Pride is all about me. Pride is all about protecting myself, protecting my reputation. This means that pride is an attempt to hold myself, defend myself from every potential threat. And pride does this generally in two ways: either it blusters or in whines. And the two are frequently related. The bluster front is loud and bossy and opinionated. But since it’s all about self-preservation, self-defense, the opinions and assertions are self-supporting, self-originating. I think I’m right because I said so, because I think so, because I feel like it. This makes the opinion all the more significant and contrary opinions all the more threatening. Because you are not merely questioning my opinion; you are questioning me, my identity, my value, my worth. But this is insanity. How can you ever be big enough, intelligent enough, strong enough to know all things, understand all things, and anticipate all things? You can’t. And since you are hardly an authority on everything, your authority quickly breaks down. Pride is brittle. You’ve been wrong, you’re probably wrong about something right now, and you’ll no doubt be wrong again in the future.
So, frequently as the bluster fortress of toothpicks splinters and crumbles, the ego retreats to the even more insidious fortress of pride found in the self-centered whine. This is the victim card, the emotional flop. It may be infatuation with sins real or imagined, it may be vague hurt feelings, it may be a hazy moping, with long hours monologuing or journaling, marked by the ever-present, all-commanding first person singular pronoun: I… I… I… And the point is that the ego is still in power, still running the play, still demanding respect, protection, deference. Only now it demands to be taken seriously, to be listened to on the authority of big, teary kitten eyes and a trembling lower lip. But this is only effective because there are enough of us all playing at this pride game. There are enough fawning adherents to this dark me-religion. So push and shove and scrape and grab right up to the point at which we would expose our own devotion to ourselves. And so we frequently refuse to unmask the passive aggressive whiny pride because it’s dicey and dangerous, and our brittle pride instinctively knows it can’t handle much stress or pressure. Bluster pride is a brittle, stick wall of defense; whiny pride is a foul little marsh that protects the self through the stench.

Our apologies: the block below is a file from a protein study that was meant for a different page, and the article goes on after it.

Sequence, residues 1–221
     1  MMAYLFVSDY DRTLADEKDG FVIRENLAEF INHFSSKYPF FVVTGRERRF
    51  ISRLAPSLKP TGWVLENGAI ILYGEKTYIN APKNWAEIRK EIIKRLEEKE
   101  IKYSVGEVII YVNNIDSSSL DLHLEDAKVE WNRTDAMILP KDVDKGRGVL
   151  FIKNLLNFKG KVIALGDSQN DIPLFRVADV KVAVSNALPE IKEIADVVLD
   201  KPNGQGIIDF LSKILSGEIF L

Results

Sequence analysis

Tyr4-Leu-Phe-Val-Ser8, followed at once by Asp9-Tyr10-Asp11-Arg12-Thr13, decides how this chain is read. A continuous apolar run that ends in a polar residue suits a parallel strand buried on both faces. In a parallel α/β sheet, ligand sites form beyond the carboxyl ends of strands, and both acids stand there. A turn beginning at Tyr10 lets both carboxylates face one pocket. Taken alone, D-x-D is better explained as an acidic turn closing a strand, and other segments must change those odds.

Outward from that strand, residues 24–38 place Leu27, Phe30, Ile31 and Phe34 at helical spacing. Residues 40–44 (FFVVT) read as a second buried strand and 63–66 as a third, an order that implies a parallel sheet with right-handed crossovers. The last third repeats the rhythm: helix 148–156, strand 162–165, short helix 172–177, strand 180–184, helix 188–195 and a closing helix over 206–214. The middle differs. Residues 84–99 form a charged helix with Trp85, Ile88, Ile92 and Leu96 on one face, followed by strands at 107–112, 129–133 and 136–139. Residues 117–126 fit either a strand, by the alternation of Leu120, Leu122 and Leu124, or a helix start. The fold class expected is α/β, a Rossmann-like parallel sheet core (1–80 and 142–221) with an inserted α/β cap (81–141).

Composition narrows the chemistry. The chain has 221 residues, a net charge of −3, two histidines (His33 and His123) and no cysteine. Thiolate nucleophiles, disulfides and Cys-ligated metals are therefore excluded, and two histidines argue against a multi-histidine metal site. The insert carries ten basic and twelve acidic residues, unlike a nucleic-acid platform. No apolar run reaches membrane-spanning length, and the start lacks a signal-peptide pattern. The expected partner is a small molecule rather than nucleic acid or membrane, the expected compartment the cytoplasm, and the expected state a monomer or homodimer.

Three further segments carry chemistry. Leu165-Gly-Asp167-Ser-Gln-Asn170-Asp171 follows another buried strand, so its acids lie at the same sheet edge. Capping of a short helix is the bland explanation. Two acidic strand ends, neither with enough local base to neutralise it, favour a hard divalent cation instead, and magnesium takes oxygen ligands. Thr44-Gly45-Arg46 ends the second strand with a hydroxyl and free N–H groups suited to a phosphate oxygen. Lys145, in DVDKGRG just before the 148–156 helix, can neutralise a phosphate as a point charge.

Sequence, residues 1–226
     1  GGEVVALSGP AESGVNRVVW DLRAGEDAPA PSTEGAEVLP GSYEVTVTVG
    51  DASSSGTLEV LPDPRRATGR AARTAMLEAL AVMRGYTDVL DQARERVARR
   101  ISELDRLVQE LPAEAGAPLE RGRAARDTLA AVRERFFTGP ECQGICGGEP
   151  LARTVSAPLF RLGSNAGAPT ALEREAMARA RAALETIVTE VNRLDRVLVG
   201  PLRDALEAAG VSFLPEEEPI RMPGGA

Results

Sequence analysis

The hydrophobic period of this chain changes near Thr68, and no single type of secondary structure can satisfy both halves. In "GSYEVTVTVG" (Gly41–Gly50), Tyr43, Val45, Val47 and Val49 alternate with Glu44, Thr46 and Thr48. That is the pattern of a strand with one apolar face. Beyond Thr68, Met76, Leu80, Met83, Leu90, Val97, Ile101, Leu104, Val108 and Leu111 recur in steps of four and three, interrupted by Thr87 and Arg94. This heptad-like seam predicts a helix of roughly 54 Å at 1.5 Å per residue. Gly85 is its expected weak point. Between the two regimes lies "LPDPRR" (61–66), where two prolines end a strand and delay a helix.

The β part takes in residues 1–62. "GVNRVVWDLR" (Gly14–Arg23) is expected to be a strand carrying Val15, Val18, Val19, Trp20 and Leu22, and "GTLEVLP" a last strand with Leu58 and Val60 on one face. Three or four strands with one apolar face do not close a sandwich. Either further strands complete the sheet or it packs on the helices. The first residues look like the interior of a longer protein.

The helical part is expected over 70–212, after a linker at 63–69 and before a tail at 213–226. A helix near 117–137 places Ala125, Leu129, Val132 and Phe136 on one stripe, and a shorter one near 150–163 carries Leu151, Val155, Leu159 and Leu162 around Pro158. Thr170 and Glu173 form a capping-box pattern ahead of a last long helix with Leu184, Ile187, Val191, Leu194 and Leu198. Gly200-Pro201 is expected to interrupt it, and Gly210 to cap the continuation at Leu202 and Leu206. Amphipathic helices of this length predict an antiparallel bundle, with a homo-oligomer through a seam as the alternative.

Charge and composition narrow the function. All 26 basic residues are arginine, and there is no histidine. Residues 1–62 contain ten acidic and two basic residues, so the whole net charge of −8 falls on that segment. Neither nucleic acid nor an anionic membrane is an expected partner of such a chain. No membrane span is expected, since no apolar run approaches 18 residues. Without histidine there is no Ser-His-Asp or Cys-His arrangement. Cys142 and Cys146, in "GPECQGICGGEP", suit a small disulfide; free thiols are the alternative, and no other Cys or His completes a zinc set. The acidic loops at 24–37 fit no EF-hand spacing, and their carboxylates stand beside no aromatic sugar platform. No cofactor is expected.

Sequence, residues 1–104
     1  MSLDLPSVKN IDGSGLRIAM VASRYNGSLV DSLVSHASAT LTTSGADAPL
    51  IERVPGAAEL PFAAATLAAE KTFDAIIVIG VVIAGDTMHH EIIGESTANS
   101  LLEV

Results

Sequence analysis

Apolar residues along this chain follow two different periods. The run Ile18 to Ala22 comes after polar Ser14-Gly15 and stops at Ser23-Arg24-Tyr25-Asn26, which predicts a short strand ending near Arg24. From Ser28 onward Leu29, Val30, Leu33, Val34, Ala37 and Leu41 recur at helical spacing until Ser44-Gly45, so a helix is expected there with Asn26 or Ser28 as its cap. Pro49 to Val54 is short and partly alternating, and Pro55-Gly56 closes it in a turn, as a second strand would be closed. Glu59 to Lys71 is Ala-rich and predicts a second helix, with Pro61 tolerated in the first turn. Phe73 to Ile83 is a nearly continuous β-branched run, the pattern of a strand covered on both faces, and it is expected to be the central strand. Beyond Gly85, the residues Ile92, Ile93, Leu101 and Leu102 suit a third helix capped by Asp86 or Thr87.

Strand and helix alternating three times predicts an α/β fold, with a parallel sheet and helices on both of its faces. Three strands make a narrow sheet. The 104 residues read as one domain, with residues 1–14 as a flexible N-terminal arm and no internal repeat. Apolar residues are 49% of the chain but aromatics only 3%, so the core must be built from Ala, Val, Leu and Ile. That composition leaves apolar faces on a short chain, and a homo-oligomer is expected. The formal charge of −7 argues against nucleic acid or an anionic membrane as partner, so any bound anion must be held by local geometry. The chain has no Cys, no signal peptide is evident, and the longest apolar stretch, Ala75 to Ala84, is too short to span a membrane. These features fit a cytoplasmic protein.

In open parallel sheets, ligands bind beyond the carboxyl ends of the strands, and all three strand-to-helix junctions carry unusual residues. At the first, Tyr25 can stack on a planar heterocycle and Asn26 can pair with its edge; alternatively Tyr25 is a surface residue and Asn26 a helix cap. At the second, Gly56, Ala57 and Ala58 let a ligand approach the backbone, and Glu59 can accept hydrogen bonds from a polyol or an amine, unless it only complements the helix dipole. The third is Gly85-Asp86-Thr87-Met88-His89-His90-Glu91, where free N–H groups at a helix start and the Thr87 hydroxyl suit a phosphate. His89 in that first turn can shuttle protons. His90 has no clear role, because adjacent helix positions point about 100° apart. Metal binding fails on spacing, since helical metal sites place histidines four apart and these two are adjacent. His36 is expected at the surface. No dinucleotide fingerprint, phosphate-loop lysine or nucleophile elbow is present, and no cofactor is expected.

But humility is a stone fortress. Humility is more confident than pride. Humility is stronger than pride. And that’s because humility only insists on what has been received. Humility submits to the Word of God. Humility submits to true human authority. Pride asserts and insists on personal authority, but humility asserts and insists on the authority of Another. Humility is bold on behalf of God. Humility is confident based on the authority of Scripture. Humility is strong on the basis of the strength of Jesus Christ. Pride is about me, and therefore is only as strong as me. Which turns out to be ridiculously weak and flimsy. But humility is about Jesus. Humility is about finding yourself in Him. And then it isn’t about you. It’s about the truth. It’s about goodness. You are free to be wrong, and you are free to be right. You are free to fail, and you are free to succeed. Because it isn’t about you. You’ve died, and your life is hidden with God in Christ. But far from making you a pushover, far from making you a doormat apologizing for breathing, humility makes you bold. Because it isn’t about you. It’s about Christ. It’s about the goodness of God. It’s about His Word being good and true and altogether lovely.
Pride is brittle and whiny and angsty and everything is a personal offense. But true Christian humility is fierce and glad and strong because now all that we are is bound up in Christ.